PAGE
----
Does a 700c wheel go faster? Hmmmm...
Kinda hard to give a definative answer to this one as you have lots of variables to contend with.
Let's assume that both wheels being tested have the same mass.
Well a 700c wheel typically refers to a race wheel which is going to have a very high inflation rating and a thin profile. Both of these items allow for a very small contact point on the road (foot print). The smaller the foot print you have the less road resistance you will have and the easier it is to move the wheel along the road.
If it's easier to move the wheel along the road you can get a higher effiency power transfer to the wheel. If you have a higher efficiency then you waste less energy moving forward and so have more energy to go faster longer. So based on the sole assumption that the previous wheel has a larger foot print than the 700c wheel then I'd say that the 700c wheel does in fact have a greater likelyhood of traveling faster.
Now let's look at both wheels from the stand piont of 'moment of inertia' (MoI). That's the amount of force (torque) it takes to increase or decrease the rotational velocity.
If both wheels have a mass of 1kg and the 700c wheel has a radius of 311mm then the moment of inertia is calculated to be about 9.6kg m^2. If we compare that to a BMX wheel having the same mass and foot print (ya right, a skinny BMX tire?! Let's just go with it for the example) and a radius of 203mm we get 4.1kg m^2 needed to change it's velocity.
Moment of Interia Calculator
Theoretically the BMX wheel should be able to go way faster because it needs much less energy to increase it's angular velocity. The problem is what enables it to be able to accelerate so quickly is a double edged sword because it also allows it to be deccelerated just as easily.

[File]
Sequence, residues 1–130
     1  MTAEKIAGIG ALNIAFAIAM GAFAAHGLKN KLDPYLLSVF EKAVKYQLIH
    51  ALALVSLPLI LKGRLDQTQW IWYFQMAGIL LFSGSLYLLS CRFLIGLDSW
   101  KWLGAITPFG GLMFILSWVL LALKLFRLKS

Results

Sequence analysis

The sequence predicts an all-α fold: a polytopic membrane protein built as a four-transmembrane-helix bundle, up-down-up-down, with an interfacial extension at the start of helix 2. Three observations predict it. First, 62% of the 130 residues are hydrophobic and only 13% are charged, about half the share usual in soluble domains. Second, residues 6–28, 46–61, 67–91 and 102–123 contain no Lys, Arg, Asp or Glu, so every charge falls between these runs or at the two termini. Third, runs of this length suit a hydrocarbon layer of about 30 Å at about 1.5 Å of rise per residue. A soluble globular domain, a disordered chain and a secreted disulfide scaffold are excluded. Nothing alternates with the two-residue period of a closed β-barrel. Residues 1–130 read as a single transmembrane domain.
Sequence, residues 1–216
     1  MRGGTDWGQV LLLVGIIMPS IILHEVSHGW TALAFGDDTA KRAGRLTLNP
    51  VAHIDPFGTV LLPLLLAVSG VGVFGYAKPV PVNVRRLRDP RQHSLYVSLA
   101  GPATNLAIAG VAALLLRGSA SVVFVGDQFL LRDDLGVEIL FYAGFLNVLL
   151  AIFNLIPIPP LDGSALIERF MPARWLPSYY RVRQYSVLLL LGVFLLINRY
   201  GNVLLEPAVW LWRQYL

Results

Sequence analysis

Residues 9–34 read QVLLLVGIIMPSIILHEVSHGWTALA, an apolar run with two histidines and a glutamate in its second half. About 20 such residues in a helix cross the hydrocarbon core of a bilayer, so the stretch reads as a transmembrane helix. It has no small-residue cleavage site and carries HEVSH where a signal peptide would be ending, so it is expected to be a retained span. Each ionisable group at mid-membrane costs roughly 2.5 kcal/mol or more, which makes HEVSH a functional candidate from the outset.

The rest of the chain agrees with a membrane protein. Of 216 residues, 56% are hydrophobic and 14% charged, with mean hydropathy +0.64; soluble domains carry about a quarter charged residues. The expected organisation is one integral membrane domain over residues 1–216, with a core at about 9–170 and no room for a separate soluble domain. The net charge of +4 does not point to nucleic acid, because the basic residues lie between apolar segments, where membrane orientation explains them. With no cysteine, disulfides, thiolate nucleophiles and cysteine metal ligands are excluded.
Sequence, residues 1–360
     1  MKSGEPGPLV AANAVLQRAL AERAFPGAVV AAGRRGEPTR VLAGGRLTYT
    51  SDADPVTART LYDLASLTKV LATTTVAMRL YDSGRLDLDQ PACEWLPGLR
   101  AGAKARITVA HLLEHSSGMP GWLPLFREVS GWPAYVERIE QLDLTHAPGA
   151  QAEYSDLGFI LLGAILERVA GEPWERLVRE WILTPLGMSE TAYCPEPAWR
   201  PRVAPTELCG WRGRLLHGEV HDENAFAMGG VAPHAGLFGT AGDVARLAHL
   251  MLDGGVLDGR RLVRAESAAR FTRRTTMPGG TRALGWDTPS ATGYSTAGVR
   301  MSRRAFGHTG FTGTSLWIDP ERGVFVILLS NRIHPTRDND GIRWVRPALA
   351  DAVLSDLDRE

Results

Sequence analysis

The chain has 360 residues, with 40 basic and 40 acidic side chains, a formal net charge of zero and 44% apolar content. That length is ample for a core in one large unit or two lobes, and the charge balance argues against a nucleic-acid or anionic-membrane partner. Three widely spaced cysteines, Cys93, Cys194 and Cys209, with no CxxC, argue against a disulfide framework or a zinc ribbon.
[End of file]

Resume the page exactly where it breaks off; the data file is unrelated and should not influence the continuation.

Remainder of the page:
Because we don't ride in vacuums, we need to contend with wind resistance as well as road resistance. So while it takes less than half the energy to get that BMX wheel up to speed, the counter effects of the wind and road resistance are acting at more than twice that of the 700c wheel at slowing you down. Also to remember is that the force from air drag is calculated from the square of your velocity so the faster you go the drag you need to overcome grows exponential. If you were thinking that you'll just go fatser to make up for the difference, think again.
It's a trade off. Do you want to be able to sprint up to speed really quick but have that speed bled off just as quick? Or do you want to be able to maintain your speed over longer distances, taking more effort to get up to speed, but be able to maintain it with less effort over the long haul? Like the tortoise and the hare... if the race is short then the hare wins everytime. Make it longer and the hare burns himself out.
If you want to look at the effects of how the distribution of mass affects the torque on a wheel then check out the claculator for inertia of a thick walled hoop. You'll see how moving the mass closer to the hub affects the MoI.
Hope this helps.